In Russian we usually use the word "наказывать" (nakazyvat') - "punish", "chastise". The root of this word "наказ" (nakaz) means "lesson". So "наказывать" means not just to punish but also to teach, to give a lesson. That's very Orthodox.

Quote
I think because he feared to. Note his reaction.  Remember the reaction to the woman healed from the issue of blood: when Christ revealed that He had healed her, she was afraid.  Only His "Go in Peace" changed that.  The captain, sent by God, also said "Go in peace father."
Why did he fear? He repented of his deed for twenty years. And when the critical moment had come he couldn't say "Forgive me". Why he couldn't if he asked for forgiveness many times in his prayers?.. I think this is the mistake of the script writer.
The woman that you mentioned had reason for the fear because women with such disease were strictly prohibited to touch anybody. What was the reason of father Anatoly?

My conclusion: the authors of the film had a good purpose to show the basic principles of the Orthodox life. But they were rather worldly people and they didn't have enough experience of the such life. That is why they made some mistakes.

Quote
BTW, I edited your English only because of what you have at the bottom of your post.  Your English is quite good (I speak American natively, if that counts).
Thank you very much! I appreciate your help!

I definitely agree that the scenes you mentioned struck me as strange.  Still, I am very happy to see artists using a more modern and widely distributed medium to discuss Orthodoxy.  It is like Dostoevsky in way.  His depiction of Orthodoxy wasn't 100% accurate, but I do know many people who have been positively influenced by The Brothers Karamazov.
Exactly!
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« Reply #31 on: November 27, 2007, 03:06:11 PM »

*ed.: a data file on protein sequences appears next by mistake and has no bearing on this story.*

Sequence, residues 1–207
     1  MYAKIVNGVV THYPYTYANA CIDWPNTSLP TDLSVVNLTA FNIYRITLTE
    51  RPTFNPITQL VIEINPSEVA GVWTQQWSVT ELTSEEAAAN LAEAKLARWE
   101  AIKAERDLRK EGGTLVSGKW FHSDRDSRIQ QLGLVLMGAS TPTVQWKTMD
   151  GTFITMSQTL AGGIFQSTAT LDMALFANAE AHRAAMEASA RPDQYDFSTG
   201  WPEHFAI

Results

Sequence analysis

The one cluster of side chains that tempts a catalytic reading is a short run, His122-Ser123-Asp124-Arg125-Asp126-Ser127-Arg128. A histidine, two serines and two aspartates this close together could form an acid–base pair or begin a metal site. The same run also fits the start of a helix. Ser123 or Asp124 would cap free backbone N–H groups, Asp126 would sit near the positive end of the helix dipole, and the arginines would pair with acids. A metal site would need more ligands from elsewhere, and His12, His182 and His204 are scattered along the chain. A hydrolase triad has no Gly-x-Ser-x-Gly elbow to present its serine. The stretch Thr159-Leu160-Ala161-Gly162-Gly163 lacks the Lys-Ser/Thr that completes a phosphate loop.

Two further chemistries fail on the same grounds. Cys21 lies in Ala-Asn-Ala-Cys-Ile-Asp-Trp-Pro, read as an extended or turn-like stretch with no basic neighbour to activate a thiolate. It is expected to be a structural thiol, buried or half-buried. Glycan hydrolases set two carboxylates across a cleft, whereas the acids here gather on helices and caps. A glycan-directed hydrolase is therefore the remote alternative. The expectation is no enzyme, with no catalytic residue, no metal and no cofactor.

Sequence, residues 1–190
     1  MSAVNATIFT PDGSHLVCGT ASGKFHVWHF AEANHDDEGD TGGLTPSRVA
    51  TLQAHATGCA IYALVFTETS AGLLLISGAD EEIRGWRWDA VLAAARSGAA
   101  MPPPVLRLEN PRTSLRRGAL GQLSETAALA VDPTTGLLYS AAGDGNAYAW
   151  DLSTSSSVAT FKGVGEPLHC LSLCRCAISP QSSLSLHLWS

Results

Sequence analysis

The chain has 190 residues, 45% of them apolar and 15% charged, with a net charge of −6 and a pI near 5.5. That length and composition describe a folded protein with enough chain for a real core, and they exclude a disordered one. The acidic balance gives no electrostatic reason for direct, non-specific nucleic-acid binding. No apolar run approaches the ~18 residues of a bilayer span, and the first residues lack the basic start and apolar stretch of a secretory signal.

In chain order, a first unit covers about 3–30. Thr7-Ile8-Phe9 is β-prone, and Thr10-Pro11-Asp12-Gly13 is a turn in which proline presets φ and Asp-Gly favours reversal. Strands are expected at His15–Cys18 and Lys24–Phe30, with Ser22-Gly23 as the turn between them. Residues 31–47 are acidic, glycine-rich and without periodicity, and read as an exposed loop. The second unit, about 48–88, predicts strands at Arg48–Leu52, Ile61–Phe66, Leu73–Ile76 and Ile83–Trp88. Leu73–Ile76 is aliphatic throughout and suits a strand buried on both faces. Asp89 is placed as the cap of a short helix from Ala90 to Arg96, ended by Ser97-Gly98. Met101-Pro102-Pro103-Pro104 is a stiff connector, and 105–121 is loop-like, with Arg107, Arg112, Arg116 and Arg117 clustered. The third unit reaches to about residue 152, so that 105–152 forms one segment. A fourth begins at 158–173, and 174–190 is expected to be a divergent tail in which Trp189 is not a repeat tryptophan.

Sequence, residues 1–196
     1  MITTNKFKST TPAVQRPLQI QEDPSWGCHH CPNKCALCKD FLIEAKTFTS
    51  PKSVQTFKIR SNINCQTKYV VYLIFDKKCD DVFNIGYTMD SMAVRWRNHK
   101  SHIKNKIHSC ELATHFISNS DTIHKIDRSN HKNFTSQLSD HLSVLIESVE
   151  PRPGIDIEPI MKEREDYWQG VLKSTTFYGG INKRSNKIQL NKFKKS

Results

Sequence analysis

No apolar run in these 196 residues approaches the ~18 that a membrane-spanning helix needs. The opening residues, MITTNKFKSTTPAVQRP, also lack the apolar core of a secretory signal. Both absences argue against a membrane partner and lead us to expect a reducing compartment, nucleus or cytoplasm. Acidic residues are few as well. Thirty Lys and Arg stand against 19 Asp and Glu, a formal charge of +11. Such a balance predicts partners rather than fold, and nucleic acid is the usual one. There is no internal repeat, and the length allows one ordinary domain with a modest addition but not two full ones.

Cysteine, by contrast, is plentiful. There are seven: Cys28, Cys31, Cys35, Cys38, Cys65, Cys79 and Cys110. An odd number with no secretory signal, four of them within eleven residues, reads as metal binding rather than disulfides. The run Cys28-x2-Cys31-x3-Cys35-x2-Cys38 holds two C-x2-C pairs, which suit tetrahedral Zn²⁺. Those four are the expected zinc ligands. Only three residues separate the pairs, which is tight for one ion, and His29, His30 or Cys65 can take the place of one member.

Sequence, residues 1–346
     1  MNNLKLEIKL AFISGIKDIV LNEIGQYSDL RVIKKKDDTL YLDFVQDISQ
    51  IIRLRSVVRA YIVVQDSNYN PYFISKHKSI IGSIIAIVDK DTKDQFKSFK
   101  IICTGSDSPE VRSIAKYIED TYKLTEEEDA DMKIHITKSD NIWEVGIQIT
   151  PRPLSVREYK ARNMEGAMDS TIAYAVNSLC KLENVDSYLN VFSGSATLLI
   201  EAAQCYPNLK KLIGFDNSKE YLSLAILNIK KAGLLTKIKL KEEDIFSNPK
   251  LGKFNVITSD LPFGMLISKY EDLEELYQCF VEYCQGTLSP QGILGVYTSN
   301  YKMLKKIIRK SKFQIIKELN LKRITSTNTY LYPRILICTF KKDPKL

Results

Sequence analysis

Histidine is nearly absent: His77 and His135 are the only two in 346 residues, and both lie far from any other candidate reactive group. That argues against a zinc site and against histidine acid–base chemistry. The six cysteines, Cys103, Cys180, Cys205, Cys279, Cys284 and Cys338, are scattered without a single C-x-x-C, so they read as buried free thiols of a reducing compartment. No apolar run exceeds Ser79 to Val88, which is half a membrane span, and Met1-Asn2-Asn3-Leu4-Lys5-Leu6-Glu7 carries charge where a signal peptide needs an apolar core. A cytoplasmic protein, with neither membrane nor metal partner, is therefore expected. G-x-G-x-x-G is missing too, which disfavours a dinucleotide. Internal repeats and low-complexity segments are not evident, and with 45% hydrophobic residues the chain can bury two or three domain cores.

Sorry, I can't understand the meaning of the word "chastise" exactly. Sad
In Russian we usually use the word "наказывать" (nakazyvat') - "punish", "chastise". The root of this word "наказ" (nakaz) means "lesson". So "наказывать" means not just to punish but also to teach, to give a lesson.

When we use that in this context, "chastise" has a warm feeling to it.  It implies a light and gentle punishment done in love in order to correct.  So I would say: thanks to my parents gentle chastisements when I was younger, I stayed out of serious trouble when I was older.  To me называть sounds like good match, but maybe Heorhij could weigh in on if it has the same feeling in both languages. 
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« Reply #32 on: November 28, 2007, 03:12:29 AM »

When we use that in this context, "chastise" has a warm feeling to it.  It implies a light and gentle punishment done in love in order to correct.  So I would say: thanks to my parents gentle chastisements when I was younger, I stayed out of serious trouble when I was older.  To me называть sounds like good match, but maybe Heorhij could weigh in on if it has the same feeling in both languages. 

I can't say that "наказывать" has a certain warm feeling. It implies both a gentle and a strict punishment.
It seems to me that sometimes the Lord is obliged to apply a rather strict punishment to us if gentle one is ineffective. So we use "наказывать" in both cases.

We have the word "пожурить" (pojurit'). It is much gentle than "наказать", but it doesn't imply any serious punishment. We use it, for example, when somobody reprimands gently a sweet little child.

Another Russian word "покарать" (pokarat') has a very strong and even cruel feeling. We would say "Господь покарал Содом и Гоморру" (The Lord punished Sodom and Gomorrah). So when we say "Бог тебя покарает" (God will punish you), we give a very very serious warning.
« Last Edit: November 28, 2007, 03:56:11 AM by msmirnov » Logged
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« Reply #33 on: November 30, 2007, 11:39:25 PM »

Oh don't get me started on this film! The first week I had it, I watched it about 5 times. I absolutely love it! It is one of my favorite movies.
« Last Edit: November 30, 2007, 11:39:58 PM by Andrew21091 » Logged
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« Reply #34 on: December 01, 2007, 01:10:08 PM »